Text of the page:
Acute and chronic stressors have been associated with alterations in mood and increased anxiety that may eventually result in the development of stress-related psychiatric disorders. Stress and associated disorders, including anxiety, are key factors in the development of alcoholism because alcohol consumption can temporarily reduce the drinker's dysphoria. One molecule that may help mediate the relationship between stress and alcohol consumption is brain-derived neurotrophic factor (BDNF), a protein that regulates the structure and function of the sites where two nerve cells interact and exchange nerve signals (i.e., synapses) and which is involved in numerous physiological processes. Aberrant regulation of BDNF signaling and alterations in synapse activity (i.e., synaptic plasticity) have been associated with the pathophysiology of stress-related disorders and alcoholism. Mechanisms that contribute to the regulation of genetic information without modification of the DNA sequence (i.e., epigenetic mechanisms) may play a role in the complex control of BDNF signaling and synaptic plasticity-for example, by modifying the structure of the DNA-protein complexes (i.e., chromatin) that make up the chromosomes and thereby modulating the expression of certain genes. Studies regarding the epigenetic control of BDNF signaling and synaptic plasticity provide a promising direction to understand the mechanisms mediating the interaction between stress and alcoholism.

  2. 78 FR 65347 - National Institute on Alcohol Abuse and Alcoholism; Notice of Closed Meeting

    Federal Register 2010, 2011, 2012, 2013, 2014

    2013-10-31

    ... HUMAN SERVICES National Institutes of Health National Institute on Alcohol Abuse and Alcoholism; Notice... personal privacy. Name of Committee: National Institute on Alcohol Abuse and Alcoholism Special Emphasis... Abuse and Alcoholism, 5635 Fishers Lane (Teleconference), Rockville, MD 20855. Contact Person:...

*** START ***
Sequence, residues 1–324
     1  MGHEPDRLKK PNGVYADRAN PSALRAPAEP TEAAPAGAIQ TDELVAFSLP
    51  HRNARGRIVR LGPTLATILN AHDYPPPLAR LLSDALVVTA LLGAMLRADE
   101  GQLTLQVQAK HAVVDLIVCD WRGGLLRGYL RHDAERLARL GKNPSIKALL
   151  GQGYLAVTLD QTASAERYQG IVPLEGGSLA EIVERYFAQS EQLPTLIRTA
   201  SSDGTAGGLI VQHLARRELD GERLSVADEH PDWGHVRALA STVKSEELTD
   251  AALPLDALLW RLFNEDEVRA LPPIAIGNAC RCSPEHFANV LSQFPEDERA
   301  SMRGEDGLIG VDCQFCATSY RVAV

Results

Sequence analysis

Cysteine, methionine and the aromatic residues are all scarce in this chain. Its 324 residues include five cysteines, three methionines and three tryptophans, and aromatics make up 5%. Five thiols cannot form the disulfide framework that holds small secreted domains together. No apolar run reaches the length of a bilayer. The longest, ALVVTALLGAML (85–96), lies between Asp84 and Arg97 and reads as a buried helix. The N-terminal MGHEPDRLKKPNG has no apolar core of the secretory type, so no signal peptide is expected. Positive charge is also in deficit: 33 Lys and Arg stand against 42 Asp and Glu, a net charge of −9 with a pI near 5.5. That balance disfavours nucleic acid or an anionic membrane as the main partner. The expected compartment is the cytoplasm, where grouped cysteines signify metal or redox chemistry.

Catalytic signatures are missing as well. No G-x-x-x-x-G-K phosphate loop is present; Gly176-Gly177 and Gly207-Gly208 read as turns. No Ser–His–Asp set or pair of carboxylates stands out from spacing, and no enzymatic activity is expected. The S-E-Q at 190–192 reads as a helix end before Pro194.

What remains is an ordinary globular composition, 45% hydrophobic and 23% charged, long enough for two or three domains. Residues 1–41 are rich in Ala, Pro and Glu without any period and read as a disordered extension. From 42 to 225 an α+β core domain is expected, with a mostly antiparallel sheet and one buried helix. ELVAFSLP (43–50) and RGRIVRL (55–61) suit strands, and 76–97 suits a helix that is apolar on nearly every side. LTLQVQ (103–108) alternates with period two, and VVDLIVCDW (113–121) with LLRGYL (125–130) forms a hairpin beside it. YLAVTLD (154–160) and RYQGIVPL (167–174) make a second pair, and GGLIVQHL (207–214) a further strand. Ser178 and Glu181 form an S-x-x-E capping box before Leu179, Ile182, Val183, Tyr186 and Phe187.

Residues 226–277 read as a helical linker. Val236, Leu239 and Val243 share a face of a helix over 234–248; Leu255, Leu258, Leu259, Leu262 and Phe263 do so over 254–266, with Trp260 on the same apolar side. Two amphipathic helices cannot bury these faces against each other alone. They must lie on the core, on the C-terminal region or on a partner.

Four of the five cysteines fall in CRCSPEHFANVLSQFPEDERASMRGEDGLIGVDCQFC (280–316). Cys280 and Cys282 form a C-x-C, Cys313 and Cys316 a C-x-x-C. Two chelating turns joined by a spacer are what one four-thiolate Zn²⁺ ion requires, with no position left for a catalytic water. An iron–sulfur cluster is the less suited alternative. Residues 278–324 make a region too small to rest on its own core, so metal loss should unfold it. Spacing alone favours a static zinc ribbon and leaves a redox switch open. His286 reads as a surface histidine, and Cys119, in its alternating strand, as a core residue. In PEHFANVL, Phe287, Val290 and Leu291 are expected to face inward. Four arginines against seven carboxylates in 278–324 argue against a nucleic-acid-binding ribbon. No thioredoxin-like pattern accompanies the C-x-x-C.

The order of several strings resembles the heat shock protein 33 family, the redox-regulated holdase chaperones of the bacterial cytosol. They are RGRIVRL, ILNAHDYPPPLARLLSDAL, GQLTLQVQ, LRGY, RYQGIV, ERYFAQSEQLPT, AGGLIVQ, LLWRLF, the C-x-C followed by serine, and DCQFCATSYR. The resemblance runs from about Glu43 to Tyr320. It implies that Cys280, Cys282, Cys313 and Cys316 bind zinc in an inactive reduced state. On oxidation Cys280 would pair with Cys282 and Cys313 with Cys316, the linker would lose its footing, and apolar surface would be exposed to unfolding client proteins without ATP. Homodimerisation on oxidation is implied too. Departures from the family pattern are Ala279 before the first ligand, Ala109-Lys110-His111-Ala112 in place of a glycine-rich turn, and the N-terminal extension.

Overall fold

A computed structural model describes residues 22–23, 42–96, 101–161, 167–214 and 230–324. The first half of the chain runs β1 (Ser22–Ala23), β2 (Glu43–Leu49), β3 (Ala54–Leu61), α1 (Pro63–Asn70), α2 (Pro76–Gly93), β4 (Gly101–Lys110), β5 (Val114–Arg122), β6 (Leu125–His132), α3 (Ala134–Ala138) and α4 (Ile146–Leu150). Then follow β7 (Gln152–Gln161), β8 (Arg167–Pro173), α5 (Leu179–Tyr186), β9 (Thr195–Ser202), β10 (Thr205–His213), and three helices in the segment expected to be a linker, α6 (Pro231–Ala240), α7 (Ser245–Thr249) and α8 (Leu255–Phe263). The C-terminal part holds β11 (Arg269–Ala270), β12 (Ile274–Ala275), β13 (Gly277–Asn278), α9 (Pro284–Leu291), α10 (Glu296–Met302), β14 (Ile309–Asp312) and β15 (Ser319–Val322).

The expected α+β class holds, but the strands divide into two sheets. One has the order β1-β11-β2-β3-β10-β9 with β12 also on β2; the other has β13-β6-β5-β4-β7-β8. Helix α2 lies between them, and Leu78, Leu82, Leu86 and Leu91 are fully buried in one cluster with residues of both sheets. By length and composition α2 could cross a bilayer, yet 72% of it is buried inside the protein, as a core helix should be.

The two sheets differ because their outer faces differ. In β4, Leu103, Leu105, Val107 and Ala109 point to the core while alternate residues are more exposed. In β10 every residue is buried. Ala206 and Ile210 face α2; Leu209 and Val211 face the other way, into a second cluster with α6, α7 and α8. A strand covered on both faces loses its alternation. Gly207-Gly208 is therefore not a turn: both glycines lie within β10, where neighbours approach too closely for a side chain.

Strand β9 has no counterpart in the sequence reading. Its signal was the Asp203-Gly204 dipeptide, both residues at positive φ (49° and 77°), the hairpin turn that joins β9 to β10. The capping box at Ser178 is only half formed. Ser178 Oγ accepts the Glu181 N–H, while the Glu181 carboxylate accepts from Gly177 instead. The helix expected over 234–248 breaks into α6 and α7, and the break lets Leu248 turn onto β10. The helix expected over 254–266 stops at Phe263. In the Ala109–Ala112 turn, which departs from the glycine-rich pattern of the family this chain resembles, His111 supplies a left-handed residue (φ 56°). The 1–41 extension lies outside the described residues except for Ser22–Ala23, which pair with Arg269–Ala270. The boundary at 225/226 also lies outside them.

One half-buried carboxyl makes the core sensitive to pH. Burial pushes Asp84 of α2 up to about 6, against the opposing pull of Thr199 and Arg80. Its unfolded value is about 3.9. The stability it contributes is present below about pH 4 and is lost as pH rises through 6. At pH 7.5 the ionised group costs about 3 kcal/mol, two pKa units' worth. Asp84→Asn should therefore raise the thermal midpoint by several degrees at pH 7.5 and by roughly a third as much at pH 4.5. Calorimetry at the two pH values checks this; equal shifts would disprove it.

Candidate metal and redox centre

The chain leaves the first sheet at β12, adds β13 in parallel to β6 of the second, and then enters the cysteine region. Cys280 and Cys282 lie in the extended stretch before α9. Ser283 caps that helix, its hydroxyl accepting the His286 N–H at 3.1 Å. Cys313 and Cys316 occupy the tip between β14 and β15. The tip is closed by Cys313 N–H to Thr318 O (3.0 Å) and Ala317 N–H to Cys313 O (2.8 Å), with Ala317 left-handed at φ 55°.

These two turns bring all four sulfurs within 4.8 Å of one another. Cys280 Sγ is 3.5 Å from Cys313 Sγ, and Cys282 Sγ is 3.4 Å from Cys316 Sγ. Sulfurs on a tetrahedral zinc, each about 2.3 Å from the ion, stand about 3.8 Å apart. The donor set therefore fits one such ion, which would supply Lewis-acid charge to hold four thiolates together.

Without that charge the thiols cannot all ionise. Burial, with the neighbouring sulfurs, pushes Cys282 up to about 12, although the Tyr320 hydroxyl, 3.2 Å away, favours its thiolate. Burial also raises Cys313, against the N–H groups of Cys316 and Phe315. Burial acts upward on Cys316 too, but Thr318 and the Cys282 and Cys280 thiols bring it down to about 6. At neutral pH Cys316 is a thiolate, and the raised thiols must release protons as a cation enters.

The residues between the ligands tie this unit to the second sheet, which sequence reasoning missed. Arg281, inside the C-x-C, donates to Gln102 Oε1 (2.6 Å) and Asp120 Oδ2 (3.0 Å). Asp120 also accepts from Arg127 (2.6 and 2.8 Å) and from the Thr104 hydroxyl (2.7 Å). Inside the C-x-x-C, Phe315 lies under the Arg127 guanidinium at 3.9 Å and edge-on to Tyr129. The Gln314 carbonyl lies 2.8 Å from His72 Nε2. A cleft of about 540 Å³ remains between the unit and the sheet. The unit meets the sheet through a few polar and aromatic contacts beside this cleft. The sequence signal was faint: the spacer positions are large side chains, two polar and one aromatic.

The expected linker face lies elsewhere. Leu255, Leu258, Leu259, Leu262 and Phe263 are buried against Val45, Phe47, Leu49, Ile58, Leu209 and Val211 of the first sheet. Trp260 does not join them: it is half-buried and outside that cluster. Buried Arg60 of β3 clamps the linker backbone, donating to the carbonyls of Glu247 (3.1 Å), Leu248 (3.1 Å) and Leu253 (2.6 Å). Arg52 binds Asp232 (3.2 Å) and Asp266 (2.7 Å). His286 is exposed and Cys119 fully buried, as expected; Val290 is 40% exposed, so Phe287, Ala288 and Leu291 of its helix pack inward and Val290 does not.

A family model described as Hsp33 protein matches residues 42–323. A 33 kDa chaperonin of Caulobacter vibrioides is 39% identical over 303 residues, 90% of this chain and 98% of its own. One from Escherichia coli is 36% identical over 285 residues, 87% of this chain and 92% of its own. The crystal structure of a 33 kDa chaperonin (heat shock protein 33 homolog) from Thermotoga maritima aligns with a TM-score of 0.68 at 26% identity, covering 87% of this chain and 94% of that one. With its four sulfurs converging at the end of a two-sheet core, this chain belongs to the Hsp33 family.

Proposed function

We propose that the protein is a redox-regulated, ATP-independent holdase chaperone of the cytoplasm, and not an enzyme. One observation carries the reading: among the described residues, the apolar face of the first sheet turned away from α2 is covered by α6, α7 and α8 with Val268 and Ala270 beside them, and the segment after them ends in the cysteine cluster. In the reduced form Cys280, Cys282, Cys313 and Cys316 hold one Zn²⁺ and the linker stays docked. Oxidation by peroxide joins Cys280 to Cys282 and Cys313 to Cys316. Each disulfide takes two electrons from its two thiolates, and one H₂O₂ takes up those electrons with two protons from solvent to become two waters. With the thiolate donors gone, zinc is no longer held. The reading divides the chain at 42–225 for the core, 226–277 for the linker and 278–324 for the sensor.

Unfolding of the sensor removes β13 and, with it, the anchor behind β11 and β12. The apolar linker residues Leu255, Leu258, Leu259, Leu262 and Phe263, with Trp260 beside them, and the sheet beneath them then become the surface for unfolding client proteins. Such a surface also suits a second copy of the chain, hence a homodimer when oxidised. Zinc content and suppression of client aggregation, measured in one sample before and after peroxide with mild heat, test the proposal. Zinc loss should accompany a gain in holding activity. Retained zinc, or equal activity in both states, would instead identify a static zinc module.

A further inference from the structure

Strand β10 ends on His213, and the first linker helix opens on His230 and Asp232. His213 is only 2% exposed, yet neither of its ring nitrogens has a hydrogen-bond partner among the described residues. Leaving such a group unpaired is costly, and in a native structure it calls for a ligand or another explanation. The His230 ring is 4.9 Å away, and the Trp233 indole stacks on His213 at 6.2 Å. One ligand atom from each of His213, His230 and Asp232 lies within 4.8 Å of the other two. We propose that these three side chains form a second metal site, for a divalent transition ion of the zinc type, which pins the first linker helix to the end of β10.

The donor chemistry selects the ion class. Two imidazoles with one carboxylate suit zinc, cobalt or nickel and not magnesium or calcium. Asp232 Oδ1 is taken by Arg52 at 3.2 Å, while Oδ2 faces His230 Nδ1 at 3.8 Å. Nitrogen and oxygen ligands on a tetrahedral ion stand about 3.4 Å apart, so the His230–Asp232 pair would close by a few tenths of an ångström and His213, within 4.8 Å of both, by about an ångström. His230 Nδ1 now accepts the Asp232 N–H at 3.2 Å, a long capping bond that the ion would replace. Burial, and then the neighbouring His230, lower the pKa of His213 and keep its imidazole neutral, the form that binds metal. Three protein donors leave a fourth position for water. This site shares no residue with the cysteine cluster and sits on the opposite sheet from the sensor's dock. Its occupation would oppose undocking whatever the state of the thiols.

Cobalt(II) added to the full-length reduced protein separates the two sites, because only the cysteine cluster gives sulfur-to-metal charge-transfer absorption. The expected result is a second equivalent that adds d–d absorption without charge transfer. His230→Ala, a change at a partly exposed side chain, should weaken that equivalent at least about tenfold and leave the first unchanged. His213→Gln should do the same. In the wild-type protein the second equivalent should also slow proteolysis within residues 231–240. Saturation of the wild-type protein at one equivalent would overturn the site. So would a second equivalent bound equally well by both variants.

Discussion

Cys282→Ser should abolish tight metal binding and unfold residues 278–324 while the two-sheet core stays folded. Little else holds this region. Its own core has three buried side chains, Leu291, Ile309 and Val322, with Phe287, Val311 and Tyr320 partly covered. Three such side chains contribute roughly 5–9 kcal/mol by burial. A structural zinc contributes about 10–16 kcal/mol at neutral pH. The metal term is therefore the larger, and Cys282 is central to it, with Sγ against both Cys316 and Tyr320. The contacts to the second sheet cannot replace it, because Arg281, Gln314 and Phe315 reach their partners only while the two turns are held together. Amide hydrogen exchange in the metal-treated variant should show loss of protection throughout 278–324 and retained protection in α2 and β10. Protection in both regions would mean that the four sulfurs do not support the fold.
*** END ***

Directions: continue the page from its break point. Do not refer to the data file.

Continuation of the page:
3. 78 FR 21615 - National Institute on Alcohol Abuse and Alcoholism; Notice of Closed Meeting

    Federal Register 2010, 2011, 2012, 2013, 2014

    2013-04-11

    ... HUMAN SERVICES National Institutes of Health National Institute on Alcohol Abuse and Alcoholism; Notice... personal privacy. Name of Committee: National Institute on Alcohol Abuse and Alcoholism Initial ] Review... Foster, Ph.D., Scientific Review Administrator, National Institutes on Alcohol Abuse &...

  4. 78 FR 38353 - National Institute on Alcohol Abuse and Alcoholism; Notice of Closed Meeting

    Federal Register 2010, 2011, 2012, 2013, 2014

    2013-06-26

    ... HUMAN SERVICES National Institutes of Health National Institute on Alcohol Abuse and Alcoholism; Notice... personal privacy. Name of Committee: National Institute on Alcohol Abuse and Alcoholism Special Emphasis Panel; Review of Applications on HIV- AIDS/Alcohol Comparative Effectiveness & Implementation...

  5. Alcoholic liver disease and pancreatitis: global health problems being addressed by the US National Institute on Alcohol Abuse and Alcoholism.

    PubMed

    Warren, Kenneth R; Murray, Margaret M

    2013-08-01

    The review article summarizes the mission of the National Institute on Alcohol Abuse and Alcoholism (NIAAA) with focus on the NIAAA's current and future research version for alcoholic liver disease and alcoholic pancreatitis.

  6. Advances in Alcoholism Treatment

    PubMed Central

    Huebner, Robert B.; Kantor, Lori Wolfgang

    2011-01-01

    Researchers are working on numerous and varied approaches to improving the accessibility, quality, effectiveness, and cost-effectiveness of treatment for alcohol use disorders (AUDs). This overview article summarizes the approaches reviewed in this issue, including potential future developments for alcoholism treatment, such as medications development, behavioral therapy, advances in technology that are being used to improve treatment, integrated care of patients with AUDs and co-occurring disorders, the role of 12-step programs in the broader realm of treatment, treating patients with recurring and chronic alcohol dependence, strategies to close the gap between treatment need and treatment utilization, and how changes in the health care system may affect the delivery of treatment. This research will not only reveal new medications and behavioral therapies but also will contribute to new ways of approaching current treatment problems. PMID:23580014

  7. Alcohol fuels for aviation

    SciTech Connect

    Schauffler, P.

    1982-06-01